"Excuse me, Mr. Strange?" Jakob stood in the doorway, one hand resting against the jamb. "Do you have a moment?"
"Sure, Jake, come in." Sebastian Strange set down the crossword he was doing. He was leaning back in his chair, red converses braced against the edge of his desk. This was a common posture, as was the tendency to end up in a pile on the floor. "What can I help you with?"
"Just a couple of questions about last night's assignment." Jakob was one of Mr. Strange's older students. He was a cat-eyed blonde with sharp features and freckles. A senior, he had taken Mr. Strange's classes every semester and was consistently one of the top students.
"Okay," Mr. Strange said.
Jakob walked around the desk, dropping his neatly printed work in front of Mr. Strange. "Number seven," he said, tapping the paper. "I can't get the answer to match the one in the book."
Mr. Strange scanned the equations. "You copied the question wrong, idiot."
"Well, I feel stupid," Jakob said, leaning closer. "What about number eleven, then?"
"You've got the variables switched," said Sebastian.
"No, I don't," Jakob replied. "I already checked that."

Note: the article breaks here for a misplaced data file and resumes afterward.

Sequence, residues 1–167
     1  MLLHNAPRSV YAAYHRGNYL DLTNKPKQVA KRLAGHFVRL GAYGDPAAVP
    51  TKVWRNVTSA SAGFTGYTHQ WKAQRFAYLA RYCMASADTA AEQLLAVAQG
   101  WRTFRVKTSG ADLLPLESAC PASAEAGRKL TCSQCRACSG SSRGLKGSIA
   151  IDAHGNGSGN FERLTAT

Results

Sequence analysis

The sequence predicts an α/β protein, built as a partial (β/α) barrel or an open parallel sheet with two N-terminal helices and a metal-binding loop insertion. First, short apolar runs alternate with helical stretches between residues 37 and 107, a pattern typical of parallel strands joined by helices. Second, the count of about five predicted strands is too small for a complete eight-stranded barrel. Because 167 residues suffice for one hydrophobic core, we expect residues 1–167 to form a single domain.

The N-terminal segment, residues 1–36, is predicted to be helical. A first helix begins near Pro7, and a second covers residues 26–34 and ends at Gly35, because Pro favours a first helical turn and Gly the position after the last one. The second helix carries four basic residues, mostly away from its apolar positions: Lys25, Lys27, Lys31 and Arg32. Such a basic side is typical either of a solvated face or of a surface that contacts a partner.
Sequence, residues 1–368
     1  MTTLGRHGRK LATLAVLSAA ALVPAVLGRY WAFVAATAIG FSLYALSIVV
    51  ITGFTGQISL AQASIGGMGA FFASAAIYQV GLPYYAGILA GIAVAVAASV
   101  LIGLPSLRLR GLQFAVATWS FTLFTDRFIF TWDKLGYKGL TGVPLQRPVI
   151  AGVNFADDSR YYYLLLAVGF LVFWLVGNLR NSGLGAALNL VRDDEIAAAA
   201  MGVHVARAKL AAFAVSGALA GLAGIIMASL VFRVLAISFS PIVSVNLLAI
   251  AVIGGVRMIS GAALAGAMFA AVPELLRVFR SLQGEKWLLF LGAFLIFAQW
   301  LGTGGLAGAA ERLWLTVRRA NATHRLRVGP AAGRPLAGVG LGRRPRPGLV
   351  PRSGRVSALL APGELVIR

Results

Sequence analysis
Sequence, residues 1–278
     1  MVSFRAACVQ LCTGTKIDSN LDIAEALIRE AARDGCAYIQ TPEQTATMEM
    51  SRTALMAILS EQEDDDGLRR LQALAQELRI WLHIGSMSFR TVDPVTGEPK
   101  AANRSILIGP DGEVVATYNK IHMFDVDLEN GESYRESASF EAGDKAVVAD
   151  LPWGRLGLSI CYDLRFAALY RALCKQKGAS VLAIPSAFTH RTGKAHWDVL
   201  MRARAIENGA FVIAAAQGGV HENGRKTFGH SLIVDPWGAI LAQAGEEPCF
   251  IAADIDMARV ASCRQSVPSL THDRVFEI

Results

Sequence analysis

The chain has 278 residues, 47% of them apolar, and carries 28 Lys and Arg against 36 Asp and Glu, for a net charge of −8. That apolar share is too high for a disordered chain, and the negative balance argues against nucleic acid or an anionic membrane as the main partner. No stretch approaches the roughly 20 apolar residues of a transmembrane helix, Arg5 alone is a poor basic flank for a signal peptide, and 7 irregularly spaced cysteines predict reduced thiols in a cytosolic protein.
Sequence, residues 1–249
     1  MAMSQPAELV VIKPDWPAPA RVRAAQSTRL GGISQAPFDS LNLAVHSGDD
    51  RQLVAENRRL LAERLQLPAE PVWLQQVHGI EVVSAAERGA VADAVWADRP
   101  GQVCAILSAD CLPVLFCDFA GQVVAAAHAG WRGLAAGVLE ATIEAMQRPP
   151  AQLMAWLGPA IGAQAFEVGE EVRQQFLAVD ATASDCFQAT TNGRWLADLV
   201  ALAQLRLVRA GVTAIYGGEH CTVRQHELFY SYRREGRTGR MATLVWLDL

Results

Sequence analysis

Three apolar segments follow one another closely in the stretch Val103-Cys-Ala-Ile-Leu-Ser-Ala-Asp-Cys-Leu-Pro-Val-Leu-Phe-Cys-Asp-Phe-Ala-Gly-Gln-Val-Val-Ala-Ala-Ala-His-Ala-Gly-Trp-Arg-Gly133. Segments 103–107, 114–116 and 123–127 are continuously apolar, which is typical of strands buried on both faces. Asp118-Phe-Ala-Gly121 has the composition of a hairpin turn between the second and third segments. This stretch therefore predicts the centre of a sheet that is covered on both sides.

"The rate should be equal to X."
"Not if I'm using an infinite limit."
"Oh." Mr. Strange rubbed a hand over his hair. "Now I feel stupid." He grinned at Jakob.
"Comforting," Jakob said, looking away. "I'm so glad you're the teacher."
"At least I'm not actually stupid."
Jakob glanced back at Sebastian, his eyes amused. He rarely smiled. It was his electric green eyes that laughed for him.
"Are you implying something?" he asked.
"No, you're just insecure," Mr. Strange replied. "Do you want to know what you're doing wrong?"
"Desperately," Jakob said.
Mr. Strange shot him a sharp look, but Jakob's face was innocent.
"You forgot to change the value of n. It should be two, not one."
"Damn." Jakob moved closer, switching to the next sheet of paper. "Can you just check number twenty-three? I'm not sure I did it right."